By Peter Smith
The trial of the man charged in the deadliest antisemitic attack in U.S. history opened Tuesday with his own lawyer acknowledging that he planned and carried out the 2018 massacre at a Pittsburgh synagogue and made hateful statements about Jewish people.
Robert Bowers went to Tree of Life synagogue and “shot every person he saw,” defense attorney Judy Clarke acknowledged in her opening statement.
Bowers, 50, could face the death penalty if he's convicted of some of the 63 counts he faces in the Oct. 27, 2018, attack, which claimed the lives of 11 worshippers from three congregations who shared the building. Charges include 11 counts each of obstruction of free exercise of religion resulting in death and hate crimes resulting in death.
In the long run-up to the trial, Bowers' lawyers did little to cast doubt on whether he was the gunman and instead focused on trying to save his life. Bowers, a truck driver from the Pittsburgh suburb of Baldwin, had offered to plead guilty in return for a life sentence, but federal prosecutors turned him down.
In her opening statement, Clarke questioned whether Bowers was acting out of hatred or an irrational belief that he needed to kill Jews to save others from the genocide he claimed they were enabling by helping immigrants come to the U.S.
“He had what to us is this unthinkable, nonsensical, irrational thought that by killing Jews he would attain his goal,” Clarke said, adding: “There is no making sense of this senseless act. Mr. Bowers caused extraordinary harm to many, many people.”
In this courtroom sketch, Robert Bowers, the suspect in the 2018 synagogue massacre, confers with his legal team on Tuesday, May 30, 2023, in Pittsburgh. (David Klug via AP)
In their opening statement to the jury, prosecutors described how Bowers barged into the synagogue and shot every worshipper he could find.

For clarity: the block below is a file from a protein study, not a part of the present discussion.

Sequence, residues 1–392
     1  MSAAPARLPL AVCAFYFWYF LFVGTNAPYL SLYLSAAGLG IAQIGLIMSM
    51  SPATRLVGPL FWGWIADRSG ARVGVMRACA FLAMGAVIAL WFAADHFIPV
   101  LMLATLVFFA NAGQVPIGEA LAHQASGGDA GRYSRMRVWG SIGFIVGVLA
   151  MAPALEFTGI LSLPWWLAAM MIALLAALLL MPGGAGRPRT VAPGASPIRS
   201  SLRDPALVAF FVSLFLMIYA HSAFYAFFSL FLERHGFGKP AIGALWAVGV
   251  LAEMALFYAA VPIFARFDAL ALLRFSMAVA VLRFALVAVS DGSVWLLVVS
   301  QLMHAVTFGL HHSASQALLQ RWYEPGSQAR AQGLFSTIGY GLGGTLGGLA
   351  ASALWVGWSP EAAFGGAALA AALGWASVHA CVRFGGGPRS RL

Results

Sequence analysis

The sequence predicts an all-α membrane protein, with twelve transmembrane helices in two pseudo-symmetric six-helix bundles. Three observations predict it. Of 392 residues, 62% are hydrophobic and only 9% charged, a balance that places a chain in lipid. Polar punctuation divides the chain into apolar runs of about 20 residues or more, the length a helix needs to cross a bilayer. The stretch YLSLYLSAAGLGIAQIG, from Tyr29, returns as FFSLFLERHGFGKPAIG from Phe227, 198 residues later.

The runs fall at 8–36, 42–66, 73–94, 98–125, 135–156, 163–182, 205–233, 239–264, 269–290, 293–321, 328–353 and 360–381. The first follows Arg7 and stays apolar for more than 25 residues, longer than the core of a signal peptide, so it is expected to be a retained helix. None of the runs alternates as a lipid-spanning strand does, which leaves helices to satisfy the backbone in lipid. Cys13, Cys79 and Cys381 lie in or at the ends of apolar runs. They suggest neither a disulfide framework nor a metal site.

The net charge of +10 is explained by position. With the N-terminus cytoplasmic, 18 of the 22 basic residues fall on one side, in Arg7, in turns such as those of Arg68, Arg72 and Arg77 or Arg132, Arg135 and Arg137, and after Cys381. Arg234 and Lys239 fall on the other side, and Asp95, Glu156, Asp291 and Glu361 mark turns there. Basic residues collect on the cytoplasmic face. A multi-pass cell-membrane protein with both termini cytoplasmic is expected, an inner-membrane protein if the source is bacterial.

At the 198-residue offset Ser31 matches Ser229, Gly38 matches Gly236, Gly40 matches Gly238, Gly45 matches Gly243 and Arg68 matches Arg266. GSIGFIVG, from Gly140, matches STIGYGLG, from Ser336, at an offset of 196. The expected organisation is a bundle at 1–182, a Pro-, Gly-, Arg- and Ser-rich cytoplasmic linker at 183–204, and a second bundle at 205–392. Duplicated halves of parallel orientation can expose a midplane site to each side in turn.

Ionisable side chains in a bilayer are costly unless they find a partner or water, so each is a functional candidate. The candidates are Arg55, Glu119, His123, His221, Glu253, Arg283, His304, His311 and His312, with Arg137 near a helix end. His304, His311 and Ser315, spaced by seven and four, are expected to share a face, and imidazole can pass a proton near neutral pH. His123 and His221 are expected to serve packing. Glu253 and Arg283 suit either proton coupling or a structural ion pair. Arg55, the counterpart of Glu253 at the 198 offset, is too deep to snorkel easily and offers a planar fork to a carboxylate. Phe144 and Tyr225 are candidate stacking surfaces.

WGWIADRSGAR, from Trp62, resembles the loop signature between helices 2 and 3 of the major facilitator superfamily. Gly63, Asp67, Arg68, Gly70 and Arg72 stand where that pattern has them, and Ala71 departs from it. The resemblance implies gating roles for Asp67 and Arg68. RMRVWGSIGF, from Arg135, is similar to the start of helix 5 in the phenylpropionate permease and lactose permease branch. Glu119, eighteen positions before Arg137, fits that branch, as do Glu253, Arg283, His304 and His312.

“The depths of the defendant’s malice and hate can only be proven in the broken bodies” of the victims and “his hateful words,” Assistant U.S. Attorney Soo C. Song said.
Some of the survivors dabbed tears during Song's presentation, while Bowers, seated at the defense table, showed no reaction.
Twelve jurors and six alternates — chosen Thursday from among more than 200 candidates — are hearing the case. They include 11 women and seven men.
Members of the three congregations arrived at the courthouse in a school bus and entered together. The atmosphere in the large, wood-paneled courtroom was grim and somber as the gallery filled with media, survivors and family members,
Prosecutors have said Bowers made antisemitic comments at the scene of the attack and online.
As an indication that the guilt-or-innocence phase of the trial seemed almost a foregone conclusion, Bowers' lawyers spent little time during jury selection asking how potential jurors would come to a verdict.
Instead, they focused on the penalty phase and how jurors would decide whether to impose the death penalty in a case of a man charged with hate-motivated killings in a house of worship. The defense probed whether potential jurors could consider factors such as mental illness or a difficult childhood. Bowers’ attorneys recently said he has schizophrenia and brain impairments.